(HC) Vergason v. Lizarraga, No. 2:2017cv01996 - Document 17 (E.D. Cal. 2018)

Court Description: MEMORANDUM DECISION signed by Senior Judge James K. Singleton on 4/10/2018 ORDERING that the petition for writ of habeas corpus is DENIED. The Court DECLINES to issue certificate of appealabilty. The Clerk of the Court is to enter judgment accordingly. CASE CLOSED. (Zignago, K.)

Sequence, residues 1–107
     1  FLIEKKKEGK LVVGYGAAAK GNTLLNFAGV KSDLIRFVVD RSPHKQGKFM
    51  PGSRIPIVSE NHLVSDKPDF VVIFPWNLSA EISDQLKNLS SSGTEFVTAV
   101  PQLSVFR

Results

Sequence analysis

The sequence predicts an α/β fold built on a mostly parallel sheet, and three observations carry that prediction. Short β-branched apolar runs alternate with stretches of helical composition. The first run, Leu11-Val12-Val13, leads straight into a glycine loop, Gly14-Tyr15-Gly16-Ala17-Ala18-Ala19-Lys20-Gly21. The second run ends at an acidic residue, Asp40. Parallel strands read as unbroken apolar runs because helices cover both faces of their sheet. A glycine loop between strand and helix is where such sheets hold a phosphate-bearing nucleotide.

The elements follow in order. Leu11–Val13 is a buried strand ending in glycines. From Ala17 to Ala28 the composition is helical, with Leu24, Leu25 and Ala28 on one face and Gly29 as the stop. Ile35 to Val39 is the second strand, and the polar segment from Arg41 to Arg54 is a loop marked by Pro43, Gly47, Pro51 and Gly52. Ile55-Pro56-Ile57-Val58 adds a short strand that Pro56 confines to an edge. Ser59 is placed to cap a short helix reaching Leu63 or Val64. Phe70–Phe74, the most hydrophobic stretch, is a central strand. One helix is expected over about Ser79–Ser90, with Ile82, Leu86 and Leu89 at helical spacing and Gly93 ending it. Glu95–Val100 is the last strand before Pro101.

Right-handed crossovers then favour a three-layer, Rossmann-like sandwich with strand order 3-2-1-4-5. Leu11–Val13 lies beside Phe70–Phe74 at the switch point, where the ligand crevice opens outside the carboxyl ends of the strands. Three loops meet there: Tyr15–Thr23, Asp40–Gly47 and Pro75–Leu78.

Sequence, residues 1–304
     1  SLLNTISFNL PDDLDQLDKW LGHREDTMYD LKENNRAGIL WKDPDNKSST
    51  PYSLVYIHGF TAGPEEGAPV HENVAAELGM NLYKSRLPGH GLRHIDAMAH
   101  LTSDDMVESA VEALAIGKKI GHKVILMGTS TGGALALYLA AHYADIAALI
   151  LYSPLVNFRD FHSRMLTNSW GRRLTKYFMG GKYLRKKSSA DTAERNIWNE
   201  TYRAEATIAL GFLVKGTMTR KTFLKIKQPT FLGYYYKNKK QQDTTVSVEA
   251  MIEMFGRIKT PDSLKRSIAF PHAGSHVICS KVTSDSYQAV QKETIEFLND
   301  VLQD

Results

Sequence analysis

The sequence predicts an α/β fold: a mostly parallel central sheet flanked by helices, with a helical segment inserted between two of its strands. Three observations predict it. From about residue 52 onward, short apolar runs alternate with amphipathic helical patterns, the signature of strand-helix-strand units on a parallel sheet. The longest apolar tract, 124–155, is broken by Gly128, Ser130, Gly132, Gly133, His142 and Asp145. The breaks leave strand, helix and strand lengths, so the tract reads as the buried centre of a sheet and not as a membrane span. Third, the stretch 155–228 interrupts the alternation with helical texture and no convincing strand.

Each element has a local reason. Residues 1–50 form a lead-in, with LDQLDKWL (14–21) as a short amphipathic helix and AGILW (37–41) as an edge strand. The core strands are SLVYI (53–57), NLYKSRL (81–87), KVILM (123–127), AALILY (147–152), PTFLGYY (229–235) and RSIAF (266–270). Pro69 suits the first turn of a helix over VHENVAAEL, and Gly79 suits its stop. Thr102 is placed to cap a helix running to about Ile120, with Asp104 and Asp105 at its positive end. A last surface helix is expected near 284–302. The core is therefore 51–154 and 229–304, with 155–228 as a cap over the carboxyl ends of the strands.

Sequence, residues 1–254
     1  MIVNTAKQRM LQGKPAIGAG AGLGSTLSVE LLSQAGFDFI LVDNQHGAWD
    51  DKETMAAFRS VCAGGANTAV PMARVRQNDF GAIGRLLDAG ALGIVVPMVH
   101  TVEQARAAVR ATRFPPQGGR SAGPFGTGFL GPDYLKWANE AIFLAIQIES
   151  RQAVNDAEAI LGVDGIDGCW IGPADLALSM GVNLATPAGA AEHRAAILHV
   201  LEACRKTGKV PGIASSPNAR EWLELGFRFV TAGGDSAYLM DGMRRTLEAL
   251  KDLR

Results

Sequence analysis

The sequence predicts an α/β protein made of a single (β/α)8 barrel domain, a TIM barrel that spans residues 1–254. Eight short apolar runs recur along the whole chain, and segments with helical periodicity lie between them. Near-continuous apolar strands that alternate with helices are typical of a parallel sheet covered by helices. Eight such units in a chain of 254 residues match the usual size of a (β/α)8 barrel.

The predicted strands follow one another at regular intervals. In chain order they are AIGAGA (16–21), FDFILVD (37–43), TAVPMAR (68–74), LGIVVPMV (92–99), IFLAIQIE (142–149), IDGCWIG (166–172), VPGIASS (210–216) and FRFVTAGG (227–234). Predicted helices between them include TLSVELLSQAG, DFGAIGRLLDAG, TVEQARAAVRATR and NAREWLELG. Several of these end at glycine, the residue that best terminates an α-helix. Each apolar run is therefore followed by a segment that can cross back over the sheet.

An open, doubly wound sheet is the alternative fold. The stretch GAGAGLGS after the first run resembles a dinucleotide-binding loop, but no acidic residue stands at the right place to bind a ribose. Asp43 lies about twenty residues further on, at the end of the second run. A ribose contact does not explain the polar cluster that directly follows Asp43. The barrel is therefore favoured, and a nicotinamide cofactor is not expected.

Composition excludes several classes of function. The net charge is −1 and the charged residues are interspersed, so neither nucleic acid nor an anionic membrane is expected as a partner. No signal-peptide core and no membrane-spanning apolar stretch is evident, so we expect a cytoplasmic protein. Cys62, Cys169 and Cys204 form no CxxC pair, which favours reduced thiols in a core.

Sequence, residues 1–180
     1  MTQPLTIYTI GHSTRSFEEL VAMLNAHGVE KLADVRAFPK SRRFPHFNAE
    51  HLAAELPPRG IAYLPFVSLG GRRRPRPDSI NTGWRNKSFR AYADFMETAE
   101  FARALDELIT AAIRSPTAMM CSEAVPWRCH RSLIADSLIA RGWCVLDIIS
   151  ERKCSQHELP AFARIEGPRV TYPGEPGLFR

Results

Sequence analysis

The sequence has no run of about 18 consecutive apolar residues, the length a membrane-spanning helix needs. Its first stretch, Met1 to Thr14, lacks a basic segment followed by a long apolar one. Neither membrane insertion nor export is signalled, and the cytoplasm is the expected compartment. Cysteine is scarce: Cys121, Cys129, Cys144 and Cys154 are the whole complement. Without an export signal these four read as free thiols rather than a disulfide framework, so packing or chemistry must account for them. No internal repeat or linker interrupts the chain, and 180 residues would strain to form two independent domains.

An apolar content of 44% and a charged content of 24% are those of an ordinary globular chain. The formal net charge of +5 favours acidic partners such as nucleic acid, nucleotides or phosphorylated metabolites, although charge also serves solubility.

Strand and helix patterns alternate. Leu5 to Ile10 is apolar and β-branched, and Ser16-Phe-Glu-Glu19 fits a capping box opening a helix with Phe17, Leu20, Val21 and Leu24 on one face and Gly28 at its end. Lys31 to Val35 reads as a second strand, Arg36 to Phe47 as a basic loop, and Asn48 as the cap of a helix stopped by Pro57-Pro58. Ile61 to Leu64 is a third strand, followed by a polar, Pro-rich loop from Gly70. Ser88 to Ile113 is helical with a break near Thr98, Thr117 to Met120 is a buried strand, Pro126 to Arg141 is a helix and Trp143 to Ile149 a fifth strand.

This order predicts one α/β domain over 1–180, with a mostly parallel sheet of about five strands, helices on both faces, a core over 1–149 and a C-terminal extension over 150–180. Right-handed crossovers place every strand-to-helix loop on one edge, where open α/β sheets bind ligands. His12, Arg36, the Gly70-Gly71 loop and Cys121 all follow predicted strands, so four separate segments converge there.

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(HC) Vergason v. Lizarraga Doc. 17 IN THE UNITED STATES DISTRICT COURT FOR THE EASTERN DISTRICT OF CALIFORNIA TIMOTHY VERGASON, No. 2:17-cv-01996-JKS Petitioner, MEMORANDUM DECISION vs. J. LIZARRAGA, Warden, Mule Creek State Prison, Respondent. Timothy Vergason, a state prisoner proceeding pro se, filed a Petition for a Writ of Habeas Corpus with this Court pursuant to 28 U.S.C. § 2254. Vergason is in the custody of the California Department of Corrections and Rehabilitation and incarcerated at Mule Creek State Prison. Respondent has answered, and Vergason has not replied. I. BACKGROUND/PRIOR PROCEEDINGS On June 26, 2015, Vergason was charged with committing two lewd acts—one each against half-sisters J. and F. (Counts 1 and 2, respectively)—and an act of sexual penetration against F. (Count 3). On direct appeal of his conviction, the California Court of Appeal laid out the following facts regarding the charges against Vergason and the evidence presented at trial: J. (born in 1996) and her half sister F. (born in 1999) lived with their mother and her boyfriend in Weaverville. Starting in 2003, the boyfriend regularly beat the girls, but their mother would do nothing to stop it. The girls often spent weekends at [Vergason’s] house; they referred to [Vergason] as an uncle. While at [Vergason’s] house, he touched both girls. At this time, J. was seven and F. was five. In 2004, there was a sleepover at [Vergason’s] house. J. “caught [her] sister sitting on top of [Vergason] and then [J.] was told to get on top as well,” but J. “ran into the living room, where [she] was forced to touch” his penis. When J. initially caught F. sitting on top of [Vergason], his pants were down to his knees, and F. did not have any clothes over her genitals. He was holding her hips and rocking her back and forth. On Dockets.Justia.com other occasions, [Vergason] “felt [J.] up.” She did not tell her mother because “it made [J.] feel guilty and dirty.” [Vergason] also molested F. on more than one occasion. Once, he told her to straddle him and then “attempted to make an insertion, but as [she was] a five-year-old, it became just skin to skin contact.” In a later incident, [Vergason] put his fingers inside her vagina. F. was removed from her mother’s house at age seven. She did not tell her adopted mother about [Vergason’s] sexual abuse until age 12, when the adoptive mother received a phone call from a detective about the molest and then talked to F. to confirm it. J. eventually disclosed the molestations in June 2011 when interviewed by Denise Hinchcliff, a child molestation investigator with the Lake County District Attorney’s Office. Hinchcliff had interviewed several hundred other child molest victims and assisted in several hundred more. She was an expert in “the interviews of victims of sexual assault and the special characteristics common in victims of sexual assault and knowledge of sexual assault investigations.” Based on her experience in those interviews, disassociation is common, which is when the victim is reluctant to talk and displays a flat affect. Some molest victims say they do not remember the assault, but later admit to her they remember, or sometimes the opposite is true (they admit the molest to her but then recant after being removed from the house of their custodial parent). The reasons for initial denials vary from being afraid to tell because they had been sworn to secrecy or because they believed something bad may happen to their families. When she interviewed J., J. crossed her arms a lot and did not show a lot of emotion. J. at first just said that “something had happened.” Only later in the interview did she describe the molestations in detail. Hinchcliff had “just a couple” hours of training on child sexual abuse accommodation syndrome. That training did not play as much of a role in her forming opinions about common characteristics of sexual assault victims as her actual participation in interviews of sexual assault victims. On September 7, 2011, Detective Jeremy Ammon of the Trinity County Sheriff’s Department interviewed [Vergason]. The DVD of the interview was played for the jury during Detective Ammon’s testimony, and the jury was also given a transcript of that interview. The prosecutor asked Detective Ammon: “During your interview with [Vergason] on September 7, 2011, did [he] apologize for his acts against the two victims in this case?” Detective Ammon answered, “Yes, he did.” The transcript reflects the following apology: “Yes, I apologize. For allowing them to umm carry on and umm,” which [Vergason] then explained was oral sex between the two victims, not involving him, that he failed to stop. According to Detective Ammon, “an apology would indicate some type of admission.” Detective Ammon repeatedly asked if something inappropriate happened with the two girls, and [Vergason] never said the girls must be lying. [Vergason] “talked about playing house and kissing with the victims. He talked about the victims performing oral sex on each other as he watched.” He thought that F. “wanted to go farther [with him] . . . [like] having sex like the victims’ parents did.” He “mention[ed] that he did hurt them, but he wasn’t specific on details of what we were 2 talking about.” “He’s had a difficulty knowing where to draw the line and he’s been working on that for over 30 years.” Dr. Anthony Urquiza, a professor and director of the child abuse treatment program in the pediatrics department at the University of California at Davis Medical Center, testified as an expert on child sexual abuse accommodation syndrome. The concept of child sexual abuse accommodation syndrome originated from a doctor in 1983 to educate therapists about typical behavior exhibited by child sexual abuse victims and to dispel any misperceptions about how child victims might react. There are five parts to child sexual abuse accommodation syndrome: secrecy, helplessness, entrapment and accommodation, delayed and unconvincing disclosure, and recantation. Secrecy is when victims keep quiet because it is not safe to talk about being sexually abused, possibly because there is an ongoing relationship with the abuser, the abuser will do something bad to the victim, or the victim may even get blamed. Helplessness is when victims feel there is nothing they can do or should do about the abuse because it is being perpetrated by someone who is bigger, stronger, and of more authority than the victim. Entrapment and accommodation are coping mechanism victims use to manage their feelings about the abuse. One coping mechanism is dissociation, which is when victims disconnect from their feelings about the abuse and remain emotionless when discussing the molest with therapists. Another coping mechanism is refusal to talk about the molest, thinking, “if I cannot talk to anybody about this, if I can just get past it, that is the best thing for me to do.” Delayed and unconvincing disclosure is the concept that when reporting abuse, children first “test[ ] the waters. And if the response [from the adult who is listening] comes back supportive, then they tell more and more about what happened.” At first, the listener “shouldn’t expect a disclosure to be very clear and articulate. There may be a first version, a third version, they may make errors and mistakes in how they describe things.” Finally, recantation is analogous to retraction. People v. Vergason, No. C081080, 2017 WL 712637, at *1-2 (Cal. Ct. App. Feb. 23, 2017). At the conclusion of trial, the jury found Vergason guilty as charged. The trial court sentenced Vergason to two consecutive terms of 15 years to life imprisonment for the lewd acts under the one strike law,1 plus an additional 6 consecutive years for the sexual penetration. Through counsel, Vergason appealed his conviction, arguing that: 1) the trial court erred in admitting expert testimony that Vergason apologized for his acts against the victims and that apology was an admission; 2) the trial court erred in permitting expert testimony on child sexual 1 CAL. PENAL CODE § 667.61(b) (providing that a person convicted of a lewd and lascivious act “shall be punished by imprisonment in the state prison for 15 years to life”). 3 abuse accommodation syndrome (“CSAAS”) after the People had already presented an expert covering the same matters; and 3) the trial court erred in sentencing Vergason to two terms under the one strike law because he lacked notice of the one strike allegations on the lewd acts. The Court of Appeal unanimously affirmed the judgment against Vergason in its entirety in a reasoned, unpublished opinion issued on February 23, 2017. Vergason, 2017 WL 712637, at *5. Vergason filed a counseled petition for review in the California Supreme Court, raising his claims that the trial court erred in admitting expert testimony as to Vergason’s apology and unlawfully sentenced him to two life terms under the one strike law. The petition was summarily denied on May 10, 2017. Vergason then timely filed a pro se Petition for a Writ of Habeas Corpus to this Court on September 20, 2017. Docket No. 1; see 28 U.S.C. § 2244(d)(1)(A). II. GROUNDS/CLAIMS In his pro se Petition before this Court, Vergason asserts two grounds for relief, which he raised before the state courts on direct appeal. First, Vergason argues that the trial court violated his rights to due process by permitting the prosecutor to elicit expert testimony that Vergason apologized for his acts against the victims and that apology was an admission. He additionally contends that the trial court unlawfully sentenced him to two consecutive life terms because he lacked notice of the one strike allegations on the lewd acts counts. III. STANDARD OF REVIEW Under the Antiterrorism and Effective Death Penalty Act of 1996 (“AEDPA”), 28 U.S.C. § 2254(d), this Court cannot grant relief unless the decision of the state court was “contrary to, or involved an unreasonable application of, clearly established Federal law, as determined by the 4 Supreme Court of the United States,” § 2254(d)(1), or “was based on an unreasonable determination of the facts in light of the evidence presented in the State court proceeding,” § 2254(d)(2). A state-court decision is contrary to federal law if the state court applies a rule that contradicts controlling Supreme Court authority or “if the state court confronts a set of facts that are materially indistinguishable from a decision” of the Supreme Court, but nevertheless arrives at a different result. Williams v. Taylor, 529 U.S. 362, 406 (2000). The Supreme Court has explained that “clearly established Federal law” in § 2254(d)(1) “refers to the holdings, as opposed to the dicta, of [the Supreme Court] as of the time of the relevant state-court decision.” Id. at 412. The holding must also be intended to be binding upon the states; that is, the decision must be based upon constitutional grounds, not on the supervisory power of the Supreme Court over federal courts. Early v. Packer, 537 U.S. 3, 10 (2002). Where holdings of the Supreme Court regarding the issue presented on habeas review are lacking, “it cannot be said that the state court ‘unreasonabl[y] appli[ed] clearly established Federal law.’” Carey v. Musladin, 549 U.S. 70, 77 (2006) (citation omitted). To the extent that the Petition raises issues of the proper application of state law, they are beyond the purview of this Court in a federal habeas proceeding. See Swarthout v. Cooke, 131 S. Ct. 859, 863 (2011) (per curiam) (holding that it is of no federal concern whether state law was correctly applied). It is a fundamental precept of dual federalism that the states possess primary authority for defining and enforcing the criminal law. See, e.g., Estelle v. McGuire, 502 U.S. 62, 67-68 (1991) (a federal habeas court cannot reexamine a state court’s interpretation and application of state law); Walton v. Arizona, 497 U.S. 639, 653 (1990) (presuming that the state 5 court knew and correctly applied state law), overruled on other grounds by Ring v. Arizona, 536 U.S. 584 (2002). In applying these standards on habeas review, this Court reviews the “last reasoned decision” by the state court. See Robinson v. Ignacio, 360 F.3d 1044, 1055 (9th Cir. 2004) (citing Avila v. Galaza, 297 F.3d 911, 918 (9th Cir. 2002)). A summary denial is an adjudication on the merits and entitled to deference. Harrington v. Richter, 562 U.S. 86, 99 (2011). Under the AEDPA, the state court’s findings of fact are presumed to be correct unless the petitioner rebuts this presumption by clear and convincing evidence. 28 U.S.C. § 2254(e)(1); Miller-El v. Cockrell, 537 U.S. 322, 340 (2003). Vergason has not replied to Respondent’s answer. The relevant statute provides that “[t]he allegations of a return to the writ of habeas corpus or of an answer to an order to show cause in a habeas corpus proceeding, if not traversed, shall be accepted as true except to the extent that the judge finds from the evidence that they are not true.” 28 U.S.C. § 2248; see also Carlson v. Landon, 342 U.S. 524, 530 (1952). Where, as here, there is no traverse filed and no evidence offered to contradict the allegations of the return, the court must accept those allegations as true. See Phillips v. Pitchess, 451 F.2d 913, 919 (9th Cir. 1971). IV. DISCUSSION Ground 1. Evidentiary Error Vergason first argues that the trial court violated his rights to due process by admitting expert testimony that Vergason apologized and the apology was an admission. During Detective Ammon’s testimony, the prosecutor asked: “During your interview with [Vergason] on September 7, 2011, did [he] apologize for his acts against the two victims in this case?” 6 Detective Ammon answered, “Yes, he did.” The detective further explained that “an apology would indicate some type of admission.” On direct appeal, the Court of Appeal held that Vergason had forfeited his federal due process challenge because counsel failed to object on that ground at trial. Vergason, 2017 WL 712637, at *2. Counsel did, however, make an evidentiary objection for lack of foundation and improper subject of expert witness testimony. Id. at *3. With respect to that claim, the Court of Appeal agreed that Vergason “is correct that whether [he] apologized and whether an apology is an admission were not the proper subject of expert witness testimony.” Id. The appellate court consequently concluded that the trial court abused its discretion in admitting it, but nonetheless determined that the error was harmless. Id. Because the state appellate court found Vergason’s federal due process claim forfeited under California’s contemporaneous objection rule, that claim is procedurally defaulted from federal habeas review. Coleman, 501 U.S. at 729-30 (a federal court will not review a claim if the state court’s rejection of the claim rests on a state law ground that is independent of the federal question and adequate to support the judgment). The Ninth Circuit has repeatedly recognized and applied the California contemporaneous objection rule in affirming denial of a federal habeas petition on grounds of procedural default where there was a complete failure to object at trial. See, e.g., Inthavong v. Lamarque, 420 F.3d 1055, 1058 (9th Cir. 2005); Paulino v. Castro, 371 F.3d 1083, 1092-93 (9th Cir. 2004). Moreover, Vergason’s claim based on the state evidentiary issue does not constitute a due process violation. To the extent Vergason claims that the trial judge abused his discretion in allowing the testimony, such claim is not cognizable on habeas review. Although the Ninth 7 Circuit has suggested that an abuse of discretion may also amount to a constitutional violation, see Schell v. Witek, 218 F.3d 1017, 1025 (9th Cir. 2000) (en banc), the Supreme Court has never held that abuse of discretion is an appropriate basis for granting federal habeas relief.2 Indeed, quite to the contrary, the Supreme Court has strongly suggested that, while abuse of discretion is an appropriate standard on direct review, in a federal habeas proceeding it is not. Renico, 559 U.S. at 772-73 (“It is not even whether it was an abuse of discretion for her to have done so–the applicable standard on direct review. The question under the AEDPA is instead whether the determination of the Michigan Supreme Court that there was no abuse of discretion was “an unreasonable application of . . . clearly established Federal law.” (quoting § 2254(d)(1))). A state court’s evidentiary ruling, even if erroneous, is grounds for federal habeas relief only if it renders the state proceedings so fundamentally unfair as to violate due process. Holley v. Yarborough, 568 F.3d 1091, 1101 (9th Cir.2009). Here, Vergason fails to show that any state court error was so fundamentally unfair to rise to the level of a due process violation. Notably, the record shows that the DVD of the interview was played for the jury, and the jury was given a transcript of the interview. The jury was therefore able to assess Vergason’s apology for itself, and it therefore cannot be said that Vergason was denied a fair trial. Consequently, Vergason is not entitled to relief on this claim. See Drayden v. White, 232 F.3d 704, 710 (9th Cir. 2000) (a state court’s evidentiary ruling, even 2 At one time, the Ninth Circuit viewed a state court ruling to be “objectively unreasonable” if it amounted to a clear error. Van Tran v. Lindsey, 212 F.3d 1143, 1152-54 (9th Cir. 2000). This is the test the Ninth Circuit uses in reviewing a trial court decision under the abuse of discretion standard. United States v. Ressam, 679 F.3d 1069, 1086 (9th Cir. 2012) (en banc). The Supreme Court noted Van Tran’s statement of the test and expressly rejected it as inappropriate under the AEDPA. Lockyer v. Andrade, 538 U.S. 63, 75-76 (2003) (clear error standard is insufficiently deferential to state courts). 8 if erroneous, is grounds for federal habeas relief only if it renders the state proceedings so fundamentally unfair as to violate due process); Spivey v. Rocha, 194 F.3d 971, 977-78 (9th Cir. 1999); Jammal v. Van de Kamp, 926 F.2d 918, 919 (9th Cir. 1991). Ground 2. Sentencing Error Vergason additionally contends that the trial court violated his due process rights by sentencing him to two consecutive life terms on the lewd acts convictions under the one strike law. According to Vergason, the People failed to properly allege the applicable one-strike circumstances that would potentially subject him to multiple indeterminate life terms. The Court of Appeal considered and rejected this claim on direct appeal as follows: [Vergason] contends the trial court unlawfully sentenced him to two consecutive life terms for the lewd acts under the one strike law because he had no notice that the multiple victim allegation applied to more than one count, as it was alleged only with respect to F. in the sexual penetration charge. As the trial court concluded, [Vergason] had adequate notice, so the court could lawfully impose a 15–year-to-life sentence for each lewd act under the one strike law. In making his argument, [Vergason] relies on People v. Mancebo (2002) 27 Cal.4th 735. In Mancebo, “the narrow question presented” was whether the fact of gun use, which had already been properly pled and proved as a basis for invoking one strike sentencing, could be used instead as a sentence enhancement under Penal Code section 12022.5, subdivision (a), while substituting the proven but not pled fact of multiple victims, all without prior notice. (Mancebo, at pp. 738–739, 749.) Mancebo’s general principle is that a defendant has a due process right to fair notice of the factual allegations that will be invoked to impose a sentence enhancement or otherwise increase the punishment for the charged crimes. (Mancebo, at p. 747.) There was no such notice problem here. The pleadings put [Vergason] on notice that he would be subject to a multiple victim one strike allegation on the lewd act charges. The People charged [Vergason] with committing a lewd act against two victims: J. in count one and F. in count two. Following each of these counts, the information set forth special allegations (enumerated one and two) under the one strike law, specifying as to each count “special allegation . . . sex crimes—aggravating circumstances . . . within the meaning of Penal Code sections 667.61(j)(2) and (e).” While the (j)(2) allegation did not end up being applicable because it was enacted after [Vergason’s] crimes were committed, the allegation did place [Vergason] on notice that (e) was also being charged, which included subdivision (e)(4) as follows: “The defendant has been convicted in the present case or cases of committing an offense . . . against more 9 than one victim.” (Pen. Code, § 667.61, subd. (e)(4).) In addition, at the end of the information, the People also alleged as special allegation three, “It is further alleged, within the meaning of Penal Code section 667.61(b) and (e), as to the defendant’s actions that the following circumstances apply: The defendant has committed an offense specified in PC 667.61(b)/(e)(4).” (Italics added.) It is reasonable to interpret this last special allegation (special allegation three) as alleging that the lewd act charges would be subject to the one strike enhancement, as the only basis for the section 667.61, subdivision (e)(4) multiple victim “circumstances” based on [Vergason’s] “actions” would be the lewd acts he committed against J. and F.—acts alleged in counts one and two—and not the unlawful sexual penetration against F. alleged in count three. This reading is also reflected in the filled-in verdict forms, as the jury found true allegations as to the lewd act charges that [Vergason] committed a lewd act against more than one victim “within in the meaning of Penal Code section 667.61(b)/(e)(4).” Thus, unlike in Mancebo, the People here put [Vergason] on notice that he would be subject to the one strike law for the lewd act charges if it was proved and found true that he committed the charged lewd acts against the two victims. Vergason, 2017 WL 712637, at *4. Vergason fares no better on federal habeas review. It is clearly established federal law that a criminal defendant has a Sixth Amendment right to be informed of any charges against him, and that a charging document, such as an information, is the means by which such notice is provided. Gautt v. Lewis, 489 F.3d 993, 1004 (9th Cir. 2007) (citing Cole v. Arkansas, 333 U.S. 196, 201 (1948)). To determine whether a defendant has received fair notice of the charges against him, a reviewing court looks first to the information. See James v. Borg, 24 F.3d 20, 24 (9th Cir.), cert. denied, 513 U.S. 935 (1994); Lincoln v. Sunn, 807 F.2d 805, 812 (9th Cir. 1987). The principal purpose of the information is to provide the defendant with a description of the charges against him in sufficient detail to enable him to prepare a defense. See James, 24 F.3d at 24; United States v. Lane, 765 F.2d 1376, 1380 (9th Cir. 1985). Here, the Court of Appeal was not unreasonable in concluding that “[t]he pleadings put [Vergason] on notice that he would be subject to a multiple victim one strike allegation on the lewd act charges.” Vergason, 2017 WL 712637, at *4. On the record before this Court, it cannot 10 be said the information at issue was constitutionally deficient under Miller v. Stagner, 757 F.2d 988, 994 (9th Cir.1985) (“An information which tracks the applicable state statute affords defendants fair notice of the crime with which they are charged.”). Moreover, Vergason’s reliance on the state court decision in Mancebo is not persuasive. As thoroughly discussed by the state appellate court, Mancebo is factually distinguishable from the case at bar. See Vergason, 2017 WL 712637, at *4. Moreover, even if his argument that the lower court misapplied state supreme court precedent was correct, the Supreme Court has repeatedly held that federal habeas relief is unavailable for violations of state law or for alleged error in the interpretation or application of state law. See Swarthout v. Cooke, 131 S. Ct. 859, 861-62 (2011); Estelle, 502 U.S. at 67-68 (1991); Peltier v. Wright, 15 F.3d 860, 861-62 (9th Cir. 1994). Accordingly, the state court’s rejection of this claim was not contrary to, or an unreasonable application of, clearly established Supreme Court precedent, nor was it based on an unreasonable determination of the facts in light of the evidence presented. 28 U.S.C. § 2254(d). Vergason is not entitled to federal habeas relief on this claim either. V. CONCLUSION AND ORDER Vergason is not entitled to relief on any ground raised in his Petition. IT IS THEREFORE ORDERED THAT the Petition under 28 U.S.C. § 2254 for Writ of Habeas Corpus is DENIED. IT IS FURTHER ORDERED THAT the Court declines to issue a Certificate of Appealability. See 28 U.S.C. § 2253(c); Banks v. Dretke, 540 U.S. 668, 705 (2004) (“To obtain a certificate of appealability, a prisoner must ‘demonstrat[e] that jurists of reason could disagree with the district court’s resolution of his constitutional claims or that jurists could conclude the 11 issues presented are adequate to deserve encouragement to proceed further.’” (quoting Miller-El, 537 U.S. at 327)). Any further request for a Certificate of Appealability must be addressed to the Ninth Circuit Court of Appeals. See FED. R. APP. P. 22(b); 9TH CIR. R. 22-1. The Clerk of the Court is to enter judgment accordingly. Dated: April 10, 2018. /s/James K. Singleton, Jr. JAMES K. SINGLETON, JR. Senior United States District Judge 12